Recent tax filings for the Goldman Sachs Foundation reveal that the foundation invested aggressively in the markets in 2008 while committing large amounts of money to non-traditional investment vehicles, the New York Times reports.
The filings by the foundation show thousands of trades in contracts based on instruments as varied as U.S. Treasuries, the Russell 2000 index, and the euro. During the fiscal year that ended November 2008, half the foundation's portfolio was devoted to alternative investments, including hedge funds, private equity, commodities, and real estate, while equities comprised roughly a third.
According to Felix Salmon, a financial blogger for Reuters, the value of the foundation's assets fell by more than $85 million during 2008, including $75 million in unrealized investment losses. The total represents 32 percent of the foundation's $269 million endowment entering 2008 and is almost four times the amount the foundation awarded in grants during the year. A Goldman spokesman told the Times that the foundation, which is overseen by Stephanie Bell-Rose, a managing director at the firm, has employed investing and risk management strategies to protect net asset value over time.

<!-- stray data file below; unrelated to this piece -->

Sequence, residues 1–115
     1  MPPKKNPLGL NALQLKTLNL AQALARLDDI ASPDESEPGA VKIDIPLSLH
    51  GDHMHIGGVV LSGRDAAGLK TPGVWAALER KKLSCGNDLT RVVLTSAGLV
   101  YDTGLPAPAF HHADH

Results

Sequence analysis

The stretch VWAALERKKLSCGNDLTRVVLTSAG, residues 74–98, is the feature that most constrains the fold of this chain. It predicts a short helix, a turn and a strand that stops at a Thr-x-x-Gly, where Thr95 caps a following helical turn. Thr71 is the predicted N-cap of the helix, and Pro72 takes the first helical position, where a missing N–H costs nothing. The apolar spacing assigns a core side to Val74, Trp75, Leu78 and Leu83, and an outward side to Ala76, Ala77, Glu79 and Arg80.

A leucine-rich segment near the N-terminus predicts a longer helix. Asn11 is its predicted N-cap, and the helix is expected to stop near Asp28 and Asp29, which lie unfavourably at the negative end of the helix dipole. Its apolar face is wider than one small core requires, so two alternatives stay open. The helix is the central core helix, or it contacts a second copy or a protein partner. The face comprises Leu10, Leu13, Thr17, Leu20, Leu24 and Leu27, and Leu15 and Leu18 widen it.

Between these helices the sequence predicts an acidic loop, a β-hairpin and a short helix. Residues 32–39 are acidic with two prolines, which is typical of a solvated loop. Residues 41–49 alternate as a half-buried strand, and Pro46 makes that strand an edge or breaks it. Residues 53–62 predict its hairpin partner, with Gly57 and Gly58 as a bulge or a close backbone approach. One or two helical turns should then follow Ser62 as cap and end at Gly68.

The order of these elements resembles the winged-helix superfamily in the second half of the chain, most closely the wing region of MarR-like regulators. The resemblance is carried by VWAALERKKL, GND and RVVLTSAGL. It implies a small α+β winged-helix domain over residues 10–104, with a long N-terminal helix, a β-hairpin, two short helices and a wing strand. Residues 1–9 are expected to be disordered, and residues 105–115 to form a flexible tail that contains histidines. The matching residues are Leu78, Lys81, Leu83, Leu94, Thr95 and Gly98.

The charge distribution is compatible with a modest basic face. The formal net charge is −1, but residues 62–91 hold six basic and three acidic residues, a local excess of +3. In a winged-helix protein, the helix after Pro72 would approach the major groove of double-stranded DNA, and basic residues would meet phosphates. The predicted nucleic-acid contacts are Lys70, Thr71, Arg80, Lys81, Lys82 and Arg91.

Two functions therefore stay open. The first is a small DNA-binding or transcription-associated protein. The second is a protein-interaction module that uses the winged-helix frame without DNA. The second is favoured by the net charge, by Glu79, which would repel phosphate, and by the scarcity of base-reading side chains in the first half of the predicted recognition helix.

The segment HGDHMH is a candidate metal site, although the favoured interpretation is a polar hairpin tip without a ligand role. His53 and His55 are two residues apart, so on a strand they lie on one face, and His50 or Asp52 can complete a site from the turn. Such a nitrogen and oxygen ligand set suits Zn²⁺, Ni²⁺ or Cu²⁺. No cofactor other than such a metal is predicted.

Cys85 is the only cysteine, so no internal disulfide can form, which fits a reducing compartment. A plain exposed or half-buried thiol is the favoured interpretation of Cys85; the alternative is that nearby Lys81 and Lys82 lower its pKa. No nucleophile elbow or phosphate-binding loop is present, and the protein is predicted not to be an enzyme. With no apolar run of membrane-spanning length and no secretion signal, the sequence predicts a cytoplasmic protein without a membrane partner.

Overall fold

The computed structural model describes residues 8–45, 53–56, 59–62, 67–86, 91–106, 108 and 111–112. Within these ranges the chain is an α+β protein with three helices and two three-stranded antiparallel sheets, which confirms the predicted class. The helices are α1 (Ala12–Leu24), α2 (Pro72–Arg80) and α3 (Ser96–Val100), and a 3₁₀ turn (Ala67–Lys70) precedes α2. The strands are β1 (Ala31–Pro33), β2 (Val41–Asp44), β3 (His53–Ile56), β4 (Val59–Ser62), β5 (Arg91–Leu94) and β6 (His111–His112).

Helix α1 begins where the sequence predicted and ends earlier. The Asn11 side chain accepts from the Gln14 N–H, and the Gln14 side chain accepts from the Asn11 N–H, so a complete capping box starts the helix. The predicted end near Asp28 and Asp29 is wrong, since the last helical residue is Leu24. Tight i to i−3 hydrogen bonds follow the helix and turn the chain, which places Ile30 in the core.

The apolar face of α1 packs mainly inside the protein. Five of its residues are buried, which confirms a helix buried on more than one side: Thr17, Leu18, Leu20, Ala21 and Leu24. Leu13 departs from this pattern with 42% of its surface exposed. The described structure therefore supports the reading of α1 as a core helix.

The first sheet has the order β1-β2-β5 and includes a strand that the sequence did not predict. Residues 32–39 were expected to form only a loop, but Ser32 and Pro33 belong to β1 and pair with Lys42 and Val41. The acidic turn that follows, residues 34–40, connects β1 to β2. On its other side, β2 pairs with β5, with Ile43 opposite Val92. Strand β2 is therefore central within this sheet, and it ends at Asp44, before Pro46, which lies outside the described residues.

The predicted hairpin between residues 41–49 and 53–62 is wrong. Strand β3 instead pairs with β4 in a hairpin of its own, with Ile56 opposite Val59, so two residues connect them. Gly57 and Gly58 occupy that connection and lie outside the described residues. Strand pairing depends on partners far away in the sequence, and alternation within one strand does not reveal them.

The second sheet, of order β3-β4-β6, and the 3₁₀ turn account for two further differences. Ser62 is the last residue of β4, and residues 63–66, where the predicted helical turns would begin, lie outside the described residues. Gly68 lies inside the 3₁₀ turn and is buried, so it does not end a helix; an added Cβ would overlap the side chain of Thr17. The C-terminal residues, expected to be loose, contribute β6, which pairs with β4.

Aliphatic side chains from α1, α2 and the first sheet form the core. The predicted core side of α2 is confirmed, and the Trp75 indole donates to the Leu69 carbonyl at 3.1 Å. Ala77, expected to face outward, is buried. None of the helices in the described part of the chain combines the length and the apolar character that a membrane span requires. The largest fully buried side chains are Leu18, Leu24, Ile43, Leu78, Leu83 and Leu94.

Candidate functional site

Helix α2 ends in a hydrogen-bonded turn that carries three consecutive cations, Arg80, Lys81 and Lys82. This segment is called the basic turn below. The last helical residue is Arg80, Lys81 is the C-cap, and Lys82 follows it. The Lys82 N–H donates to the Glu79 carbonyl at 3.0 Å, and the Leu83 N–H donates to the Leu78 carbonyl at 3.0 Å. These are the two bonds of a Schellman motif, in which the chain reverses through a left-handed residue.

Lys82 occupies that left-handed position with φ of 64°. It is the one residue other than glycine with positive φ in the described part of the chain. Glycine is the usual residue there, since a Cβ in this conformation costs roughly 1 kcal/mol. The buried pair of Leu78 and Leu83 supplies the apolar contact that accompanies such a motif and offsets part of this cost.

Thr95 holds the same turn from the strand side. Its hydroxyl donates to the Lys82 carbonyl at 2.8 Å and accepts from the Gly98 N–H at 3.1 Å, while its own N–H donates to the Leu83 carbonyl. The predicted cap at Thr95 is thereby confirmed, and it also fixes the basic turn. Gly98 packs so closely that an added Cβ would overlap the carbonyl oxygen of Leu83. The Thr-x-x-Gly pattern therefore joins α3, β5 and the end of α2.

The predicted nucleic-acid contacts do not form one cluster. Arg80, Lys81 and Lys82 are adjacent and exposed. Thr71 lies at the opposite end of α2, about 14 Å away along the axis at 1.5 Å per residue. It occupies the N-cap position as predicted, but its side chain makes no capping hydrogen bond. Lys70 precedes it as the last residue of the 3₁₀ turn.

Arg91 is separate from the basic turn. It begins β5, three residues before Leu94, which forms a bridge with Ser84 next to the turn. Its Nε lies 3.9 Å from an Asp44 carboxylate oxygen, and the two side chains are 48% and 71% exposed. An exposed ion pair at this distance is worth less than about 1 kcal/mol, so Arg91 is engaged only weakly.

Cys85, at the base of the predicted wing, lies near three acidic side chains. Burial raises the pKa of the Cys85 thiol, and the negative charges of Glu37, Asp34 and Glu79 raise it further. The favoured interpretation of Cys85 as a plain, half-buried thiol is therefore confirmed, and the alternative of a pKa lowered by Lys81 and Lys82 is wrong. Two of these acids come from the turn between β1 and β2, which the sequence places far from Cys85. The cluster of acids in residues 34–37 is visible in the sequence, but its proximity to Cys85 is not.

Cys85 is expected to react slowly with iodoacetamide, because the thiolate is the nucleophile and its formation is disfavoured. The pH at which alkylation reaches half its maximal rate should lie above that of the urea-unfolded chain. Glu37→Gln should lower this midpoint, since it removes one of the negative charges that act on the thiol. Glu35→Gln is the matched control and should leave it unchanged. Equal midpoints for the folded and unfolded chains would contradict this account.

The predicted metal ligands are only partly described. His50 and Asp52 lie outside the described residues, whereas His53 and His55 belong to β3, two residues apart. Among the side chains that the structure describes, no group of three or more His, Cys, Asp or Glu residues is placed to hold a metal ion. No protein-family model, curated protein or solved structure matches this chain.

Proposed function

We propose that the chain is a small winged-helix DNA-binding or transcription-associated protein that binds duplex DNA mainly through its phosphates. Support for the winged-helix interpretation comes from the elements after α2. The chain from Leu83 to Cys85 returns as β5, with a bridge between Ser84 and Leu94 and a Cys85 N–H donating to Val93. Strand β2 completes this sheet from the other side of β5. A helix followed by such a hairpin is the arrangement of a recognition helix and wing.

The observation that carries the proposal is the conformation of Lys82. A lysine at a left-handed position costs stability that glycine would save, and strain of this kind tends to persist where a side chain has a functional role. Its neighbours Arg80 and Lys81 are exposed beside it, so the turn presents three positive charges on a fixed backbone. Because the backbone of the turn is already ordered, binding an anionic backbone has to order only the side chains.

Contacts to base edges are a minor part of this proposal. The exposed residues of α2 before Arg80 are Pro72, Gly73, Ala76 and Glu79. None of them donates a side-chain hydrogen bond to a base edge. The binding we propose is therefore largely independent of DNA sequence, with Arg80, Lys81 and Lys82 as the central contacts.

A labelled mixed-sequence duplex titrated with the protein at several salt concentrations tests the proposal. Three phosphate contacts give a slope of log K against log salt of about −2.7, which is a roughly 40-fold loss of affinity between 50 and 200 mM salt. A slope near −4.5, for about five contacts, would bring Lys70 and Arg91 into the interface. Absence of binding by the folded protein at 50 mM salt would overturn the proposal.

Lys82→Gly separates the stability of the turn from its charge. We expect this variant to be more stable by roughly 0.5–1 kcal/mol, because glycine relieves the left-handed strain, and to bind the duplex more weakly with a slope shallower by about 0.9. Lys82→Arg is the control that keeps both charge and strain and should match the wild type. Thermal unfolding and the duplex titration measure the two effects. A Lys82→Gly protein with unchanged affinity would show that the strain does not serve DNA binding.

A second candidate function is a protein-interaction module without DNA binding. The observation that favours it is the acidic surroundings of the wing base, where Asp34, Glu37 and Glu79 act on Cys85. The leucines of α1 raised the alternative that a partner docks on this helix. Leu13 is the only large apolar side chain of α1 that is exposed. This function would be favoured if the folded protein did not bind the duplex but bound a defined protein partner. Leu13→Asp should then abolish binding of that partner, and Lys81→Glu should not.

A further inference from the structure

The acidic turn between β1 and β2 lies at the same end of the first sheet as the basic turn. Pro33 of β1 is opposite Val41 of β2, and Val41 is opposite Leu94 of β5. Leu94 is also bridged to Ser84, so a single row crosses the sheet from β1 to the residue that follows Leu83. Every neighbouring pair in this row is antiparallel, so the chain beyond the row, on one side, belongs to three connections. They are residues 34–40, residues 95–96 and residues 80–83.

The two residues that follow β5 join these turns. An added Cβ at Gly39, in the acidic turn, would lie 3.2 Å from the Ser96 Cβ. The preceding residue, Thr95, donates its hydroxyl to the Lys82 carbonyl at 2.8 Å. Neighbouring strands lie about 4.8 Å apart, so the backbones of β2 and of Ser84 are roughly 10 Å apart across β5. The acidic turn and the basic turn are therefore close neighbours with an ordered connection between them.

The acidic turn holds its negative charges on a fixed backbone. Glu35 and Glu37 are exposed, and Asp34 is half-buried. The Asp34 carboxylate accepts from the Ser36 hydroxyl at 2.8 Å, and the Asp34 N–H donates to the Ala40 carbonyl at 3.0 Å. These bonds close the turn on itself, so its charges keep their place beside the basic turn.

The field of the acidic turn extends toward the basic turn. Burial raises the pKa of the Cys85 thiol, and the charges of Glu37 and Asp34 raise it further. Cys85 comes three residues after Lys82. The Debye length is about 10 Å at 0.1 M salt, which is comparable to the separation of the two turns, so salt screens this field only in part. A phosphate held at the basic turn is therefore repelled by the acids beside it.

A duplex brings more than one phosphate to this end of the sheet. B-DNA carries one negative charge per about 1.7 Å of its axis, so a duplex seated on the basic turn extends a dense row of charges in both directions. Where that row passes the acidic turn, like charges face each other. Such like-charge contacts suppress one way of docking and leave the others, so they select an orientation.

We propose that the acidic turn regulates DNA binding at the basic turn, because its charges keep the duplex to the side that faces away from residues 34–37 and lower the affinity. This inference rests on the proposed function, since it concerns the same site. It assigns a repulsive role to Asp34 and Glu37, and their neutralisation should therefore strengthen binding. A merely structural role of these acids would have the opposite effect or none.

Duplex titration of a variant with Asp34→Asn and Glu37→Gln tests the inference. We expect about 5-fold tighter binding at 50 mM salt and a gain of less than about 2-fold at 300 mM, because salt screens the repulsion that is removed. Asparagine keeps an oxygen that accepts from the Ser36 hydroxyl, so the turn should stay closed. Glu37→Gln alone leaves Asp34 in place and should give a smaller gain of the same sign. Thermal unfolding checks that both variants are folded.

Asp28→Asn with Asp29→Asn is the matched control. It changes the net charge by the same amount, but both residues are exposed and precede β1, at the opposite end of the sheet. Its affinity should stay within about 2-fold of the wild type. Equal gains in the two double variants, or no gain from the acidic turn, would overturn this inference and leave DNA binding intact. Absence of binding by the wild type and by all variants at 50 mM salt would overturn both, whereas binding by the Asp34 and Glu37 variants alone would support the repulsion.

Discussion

Amid public furor over the firm's anticipated 2009 profits and super-sized bonuses, Goldman recently announced that it would add an additional $200 million to the foundation's endowment and ramp up its charitable giving. With over $404 million in assets, the foundation ranks among the ten largest corporate foundations in the United States.
According to Goldman spokesperson Joseph Snodgrass, the firm has given roughly a billion dollars to charity since 1999, including $500 million to its main foundation and $319 million directly to nonprofits and educational institutions. In 2008, the firm pledged $100 million over five years to an initiative known as 10,000 Women, which works to provide business education to women in developing countries.